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18-08-2020 | Original Article | Uitgave 5/2020 Open Access

Perspectives on Medical Education 5/2020

Learner handover: Perspectives and recommendations from the front-line

Perspectives on Medical Education > Uitgave 5/2020
Stephanie T. Gumuchian, Nicole E. Pal, Meredith Young, Deborah Danoff, Laurie H. Plotnick, Beth-Ann Cummings, Carlos Gomez-Garibello, Valérie Dory
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The online version of this article (https://​doi.​org/​10.​1007/​s40037-020-00601-4) contains supplementary material, which is available to authorized users.
Valérie Dory: At the time of the study: Department of Medicine and Centre for Medical Education, McGill University, Montréal, Québec, Canada, and Institute of Health and Society and Academic Centre for General Practice, Faculty of Medicine, Université catholique de Louvain, Belgium.



Current medical education models increasingly rely on longitudinal assessments to document learner progress over time. This longitudinal focus has re-kindled discussion regarding learner handover—where assessments are shared across supervisors, rotations, and educational phases, to support learner growth and ease transitions. The authors explored the opinions of, experiences with, and recommendations for successful implementation of learner handover among clinical supervisors.


Clinical supervisors from five postgraduate medical education programs at one institution completed an online questionnaire exploring their views regarding learner handover, specifically: potential benefits, risks, and suggestions for implementation. Survey items included open-ended and numerical responses. The authors used an inductive content analysis approach to analyze the open-ended questionnaire responses, and descriptive and correlational analyses for numerical data.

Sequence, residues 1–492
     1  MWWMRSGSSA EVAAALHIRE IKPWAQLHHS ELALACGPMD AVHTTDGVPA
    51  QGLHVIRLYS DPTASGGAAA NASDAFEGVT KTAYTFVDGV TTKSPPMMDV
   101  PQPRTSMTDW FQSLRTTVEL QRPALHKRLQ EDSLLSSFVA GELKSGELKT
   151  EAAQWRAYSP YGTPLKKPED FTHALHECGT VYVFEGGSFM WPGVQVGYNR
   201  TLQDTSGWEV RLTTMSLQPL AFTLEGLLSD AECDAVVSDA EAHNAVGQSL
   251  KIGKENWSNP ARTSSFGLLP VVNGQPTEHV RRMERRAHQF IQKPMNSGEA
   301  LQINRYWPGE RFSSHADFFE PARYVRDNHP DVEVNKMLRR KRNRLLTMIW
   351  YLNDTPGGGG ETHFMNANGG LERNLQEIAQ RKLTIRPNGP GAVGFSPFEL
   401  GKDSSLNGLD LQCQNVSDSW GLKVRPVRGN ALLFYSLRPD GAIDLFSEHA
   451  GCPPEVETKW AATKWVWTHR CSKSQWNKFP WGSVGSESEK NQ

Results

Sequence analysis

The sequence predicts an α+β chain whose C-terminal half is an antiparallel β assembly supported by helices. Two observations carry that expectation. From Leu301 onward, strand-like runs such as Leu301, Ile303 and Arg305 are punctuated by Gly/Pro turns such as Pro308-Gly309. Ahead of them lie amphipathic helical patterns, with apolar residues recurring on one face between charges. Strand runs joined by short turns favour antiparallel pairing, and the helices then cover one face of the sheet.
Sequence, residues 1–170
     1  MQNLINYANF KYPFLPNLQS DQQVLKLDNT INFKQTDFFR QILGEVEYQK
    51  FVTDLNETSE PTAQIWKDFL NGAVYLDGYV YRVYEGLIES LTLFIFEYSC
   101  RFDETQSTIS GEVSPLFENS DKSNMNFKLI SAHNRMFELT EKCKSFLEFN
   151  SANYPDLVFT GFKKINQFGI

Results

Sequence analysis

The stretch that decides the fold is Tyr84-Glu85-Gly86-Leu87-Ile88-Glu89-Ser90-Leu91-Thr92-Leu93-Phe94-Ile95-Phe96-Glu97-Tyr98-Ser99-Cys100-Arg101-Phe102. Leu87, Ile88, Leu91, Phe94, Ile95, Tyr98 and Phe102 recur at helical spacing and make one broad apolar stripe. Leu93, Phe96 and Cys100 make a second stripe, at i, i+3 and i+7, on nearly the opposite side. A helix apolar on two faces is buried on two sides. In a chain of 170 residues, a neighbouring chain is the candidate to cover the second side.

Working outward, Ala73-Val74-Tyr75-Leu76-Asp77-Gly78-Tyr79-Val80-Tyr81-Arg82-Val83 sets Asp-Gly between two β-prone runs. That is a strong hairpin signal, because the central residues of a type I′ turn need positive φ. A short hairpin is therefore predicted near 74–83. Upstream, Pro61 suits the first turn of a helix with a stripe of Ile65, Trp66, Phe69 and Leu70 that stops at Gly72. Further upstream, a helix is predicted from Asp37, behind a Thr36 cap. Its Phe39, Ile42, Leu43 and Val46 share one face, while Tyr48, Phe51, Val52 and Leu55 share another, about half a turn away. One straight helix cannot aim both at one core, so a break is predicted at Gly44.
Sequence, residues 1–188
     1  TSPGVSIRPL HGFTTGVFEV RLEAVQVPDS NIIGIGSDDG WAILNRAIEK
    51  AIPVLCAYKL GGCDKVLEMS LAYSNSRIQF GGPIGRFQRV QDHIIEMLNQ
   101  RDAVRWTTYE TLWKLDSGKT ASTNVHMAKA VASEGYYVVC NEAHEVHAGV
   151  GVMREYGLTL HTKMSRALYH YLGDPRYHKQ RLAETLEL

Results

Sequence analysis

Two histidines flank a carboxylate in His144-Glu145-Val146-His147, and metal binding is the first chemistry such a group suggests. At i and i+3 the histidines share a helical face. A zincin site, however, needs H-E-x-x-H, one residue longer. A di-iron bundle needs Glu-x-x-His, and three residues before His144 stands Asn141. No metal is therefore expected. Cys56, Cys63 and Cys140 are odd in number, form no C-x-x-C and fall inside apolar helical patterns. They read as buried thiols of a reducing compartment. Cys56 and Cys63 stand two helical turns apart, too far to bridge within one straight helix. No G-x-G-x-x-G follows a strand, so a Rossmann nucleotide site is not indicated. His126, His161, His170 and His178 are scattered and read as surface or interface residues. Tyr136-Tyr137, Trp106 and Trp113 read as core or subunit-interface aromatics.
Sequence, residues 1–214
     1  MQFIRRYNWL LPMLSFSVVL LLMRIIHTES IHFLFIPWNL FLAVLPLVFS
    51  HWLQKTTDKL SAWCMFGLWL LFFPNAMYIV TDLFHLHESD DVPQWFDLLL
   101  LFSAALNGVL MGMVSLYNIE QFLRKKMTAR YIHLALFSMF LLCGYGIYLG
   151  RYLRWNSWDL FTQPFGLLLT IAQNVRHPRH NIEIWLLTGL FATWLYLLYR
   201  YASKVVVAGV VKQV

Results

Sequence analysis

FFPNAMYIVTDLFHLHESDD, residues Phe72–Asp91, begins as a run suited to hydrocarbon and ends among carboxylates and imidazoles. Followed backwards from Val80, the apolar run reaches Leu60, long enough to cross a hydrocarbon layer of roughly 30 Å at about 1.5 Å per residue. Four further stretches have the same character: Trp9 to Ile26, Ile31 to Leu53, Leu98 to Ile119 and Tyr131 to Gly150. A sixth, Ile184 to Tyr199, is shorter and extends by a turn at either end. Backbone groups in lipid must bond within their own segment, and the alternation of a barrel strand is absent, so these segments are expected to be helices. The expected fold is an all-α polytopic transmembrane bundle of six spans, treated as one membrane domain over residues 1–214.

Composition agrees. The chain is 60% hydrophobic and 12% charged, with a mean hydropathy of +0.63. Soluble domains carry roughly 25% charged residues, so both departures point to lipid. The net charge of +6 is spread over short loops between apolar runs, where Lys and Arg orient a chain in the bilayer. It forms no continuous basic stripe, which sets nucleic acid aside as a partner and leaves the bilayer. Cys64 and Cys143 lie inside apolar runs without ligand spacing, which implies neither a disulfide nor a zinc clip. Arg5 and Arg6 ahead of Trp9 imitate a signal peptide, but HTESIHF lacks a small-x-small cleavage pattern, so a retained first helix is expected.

Seventy-two participants completed the questionnaire. Their perspectives varied widely. Suggested benefits of learner handover included tailored learning, improved assessments, and enhanced patient safety. The main reported risk was the potential for learner handover to bias supervisors’ perceptions of learners, thereby affecting the validity of future assessments and influencing the learner’s educational opportunities and well-being. Participants’ suggestions for implementation focused on who should be involved, when and for whom it should occur, and the content that should be shared.


The diverse opinions of, and recommendations for, learner handover highlight the necessity for handover to maximize learning potential while minimizing potential harms. Supervisors’ suggestions for handover implementation reveal tensions between assessment-of and for-learning.
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